This, again, is a situation in which the internet comes in very handy. Even those in urban yet affluent areas of central London may struggle to drum up enough passing interest to keep their business sustainable, so for those in less desirable hotspots, it could be even harder still.

Thankfully, internet retailing could provide the answer and may even be the prime source for many sellers. It also allows start-ups with little stock and no money to open a physical store in order to get started. In such a 'considered purchase' market as rare or limited edition trainers, it can be safely assumed that people will be willing to buy online and wait a few days for delivery if they find the right pair.

Get on the platform

All that is needed to start up an online venture is a platform, a payment system and delivery service. Of course, there are huge choices and options for each of these.

The platform can be an existing one, such as the eBay, Play or Amazon marketplaces. These are the most viable choice for anyone looking to sell small numbers. eBay, of course, has become almost synonymous with this style of selling and is a very well-known name, meaning that sellers can be sure their lot will reach a huge audience. Not only that, it's also a switched-on audience that is actually looking to buy, by dint of them being on an auction site in the first place.

If none of the marketplaces appeal to those looking at a more long-term option, however, a dedicated .co.uk website may give the brand more authenticity, even if development costs are slightly higher. Some may even want to run a website alongside their marketplace offerings, in order to get the best visibility.

Taking payment

For payment, escrow services such as PayPal have been established for long enough to mean they are almost universally recognised and trusted by web users. If not an escrow service, then actual e-commerce payment handlers can be installed with relative ease that will work just like even the largest sites. For those operating on Play or Amazon, meanwhile, they can leave this to the already-established services which have been in use for years.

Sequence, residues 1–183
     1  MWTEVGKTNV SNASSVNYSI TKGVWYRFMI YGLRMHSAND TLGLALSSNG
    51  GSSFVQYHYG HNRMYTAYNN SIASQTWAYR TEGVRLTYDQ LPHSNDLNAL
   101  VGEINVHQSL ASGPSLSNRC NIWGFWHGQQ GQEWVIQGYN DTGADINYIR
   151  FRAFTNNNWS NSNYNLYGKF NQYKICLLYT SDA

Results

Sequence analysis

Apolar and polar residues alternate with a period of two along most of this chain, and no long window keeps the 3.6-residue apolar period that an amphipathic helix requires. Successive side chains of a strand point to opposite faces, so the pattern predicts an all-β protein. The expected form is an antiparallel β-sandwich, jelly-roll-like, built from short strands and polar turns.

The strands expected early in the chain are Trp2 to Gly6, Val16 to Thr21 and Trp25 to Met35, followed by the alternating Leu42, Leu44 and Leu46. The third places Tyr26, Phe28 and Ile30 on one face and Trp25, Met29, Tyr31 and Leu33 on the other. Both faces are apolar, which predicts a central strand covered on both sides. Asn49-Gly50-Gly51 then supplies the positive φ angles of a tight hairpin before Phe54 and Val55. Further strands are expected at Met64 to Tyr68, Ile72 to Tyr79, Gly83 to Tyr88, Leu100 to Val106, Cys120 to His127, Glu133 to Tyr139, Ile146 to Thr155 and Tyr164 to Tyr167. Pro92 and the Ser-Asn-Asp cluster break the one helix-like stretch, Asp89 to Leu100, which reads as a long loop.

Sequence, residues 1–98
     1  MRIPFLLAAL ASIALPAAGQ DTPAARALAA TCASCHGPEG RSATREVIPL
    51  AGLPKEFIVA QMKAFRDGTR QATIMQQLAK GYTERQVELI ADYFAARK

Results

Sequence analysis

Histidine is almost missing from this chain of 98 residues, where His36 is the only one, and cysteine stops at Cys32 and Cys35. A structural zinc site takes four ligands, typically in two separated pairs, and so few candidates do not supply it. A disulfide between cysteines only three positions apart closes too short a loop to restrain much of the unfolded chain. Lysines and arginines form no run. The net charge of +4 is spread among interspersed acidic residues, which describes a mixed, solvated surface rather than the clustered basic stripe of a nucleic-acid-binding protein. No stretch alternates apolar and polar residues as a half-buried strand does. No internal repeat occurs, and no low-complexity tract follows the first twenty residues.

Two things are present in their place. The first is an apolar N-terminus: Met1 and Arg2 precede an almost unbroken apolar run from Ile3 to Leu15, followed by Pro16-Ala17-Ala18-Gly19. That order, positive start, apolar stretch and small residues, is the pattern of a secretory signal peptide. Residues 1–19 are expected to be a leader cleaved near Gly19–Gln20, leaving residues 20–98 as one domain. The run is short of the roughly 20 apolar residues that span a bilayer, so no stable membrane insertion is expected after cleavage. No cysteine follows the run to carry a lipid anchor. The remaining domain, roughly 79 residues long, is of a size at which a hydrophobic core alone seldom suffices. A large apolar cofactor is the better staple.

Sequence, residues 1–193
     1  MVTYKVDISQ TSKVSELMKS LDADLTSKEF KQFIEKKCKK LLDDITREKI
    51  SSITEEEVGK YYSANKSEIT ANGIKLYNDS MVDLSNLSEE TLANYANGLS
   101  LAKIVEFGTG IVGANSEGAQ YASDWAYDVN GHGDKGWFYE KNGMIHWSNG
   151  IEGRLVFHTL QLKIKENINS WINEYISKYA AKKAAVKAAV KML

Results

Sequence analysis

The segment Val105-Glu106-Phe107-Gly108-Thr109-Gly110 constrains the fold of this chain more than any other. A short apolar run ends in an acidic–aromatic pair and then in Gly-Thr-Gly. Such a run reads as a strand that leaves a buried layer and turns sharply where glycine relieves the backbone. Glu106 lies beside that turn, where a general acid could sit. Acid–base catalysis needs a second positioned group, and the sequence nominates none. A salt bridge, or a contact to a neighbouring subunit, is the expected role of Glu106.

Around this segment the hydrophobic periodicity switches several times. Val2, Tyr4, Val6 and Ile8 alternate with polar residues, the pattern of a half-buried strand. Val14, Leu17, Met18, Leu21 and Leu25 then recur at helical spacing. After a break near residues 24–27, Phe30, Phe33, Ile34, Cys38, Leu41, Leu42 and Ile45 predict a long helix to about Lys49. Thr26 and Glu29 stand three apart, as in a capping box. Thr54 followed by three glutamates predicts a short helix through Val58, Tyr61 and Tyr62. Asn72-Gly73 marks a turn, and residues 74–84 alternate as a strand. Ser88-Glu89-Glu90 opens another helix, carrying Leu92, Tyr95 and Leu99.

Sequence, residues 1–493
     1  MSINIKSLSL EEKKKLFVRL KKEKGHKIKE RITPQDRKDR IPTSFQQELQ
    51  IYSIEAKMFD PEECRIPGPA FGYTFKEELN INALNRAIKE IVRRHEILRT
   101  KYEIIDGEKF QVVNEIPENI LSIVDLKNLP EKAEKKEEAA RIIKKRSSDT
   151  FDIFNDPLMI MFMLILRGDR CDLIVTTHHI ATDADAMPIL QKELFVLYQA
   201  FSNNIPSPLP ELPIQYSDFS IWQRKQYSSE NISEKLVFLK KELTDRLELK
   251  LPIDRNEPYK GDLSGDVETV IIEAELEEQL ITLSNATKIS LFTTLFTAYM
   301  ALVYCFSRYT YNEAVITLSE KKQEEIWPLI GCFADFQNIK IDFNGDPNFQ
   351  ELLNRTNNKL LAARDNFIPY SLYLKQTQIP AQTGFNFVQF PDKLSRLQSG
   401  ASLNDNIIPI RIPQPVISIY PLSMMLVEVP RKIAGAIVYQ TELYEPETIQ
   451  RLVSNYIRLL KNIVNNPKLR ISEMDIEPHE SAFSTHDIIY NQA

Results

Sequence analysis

The delivery, meanwhile, should be carefully thought out, as it is the last interaction a business has with their customers on each order, so can leave lasting impressions. Anything from slow deliveries to flimsy packaging and poor communication can prevent buyers from ever returning again, even if everything else has gone smoothly. That's not to mention the security issues of sending expensive goods such as rare trainers - where even the box is valuable, so should be treated as such.

Of course, once the parcel leaves the vendor's hands, their accountability for it comes to an end, but there is still a responsibility to the customer to choose a quality courier that has the same attention to detail as the retailer themselves.

This isn't just a consideration for anyone setting up a trainer retail empire but also those selling smaller numbers - or even a single pair. Having gone through the rigmarole of listing an item, waiting for it to sell then having funds transferred by the buyer, it would be a shame for it to all fall down as a result of poor packaging. Keeping everything wrapped and sent securely should prevent hiccups from spoiling the entire venture.

These are just some of the myriad issues facing anyone looking to set up a rare or limited edition trainer store. Knowing your stuff and casting the net wide, however, should provide a solid start and turn an idea or passion into a fully-fledged, sustainable business.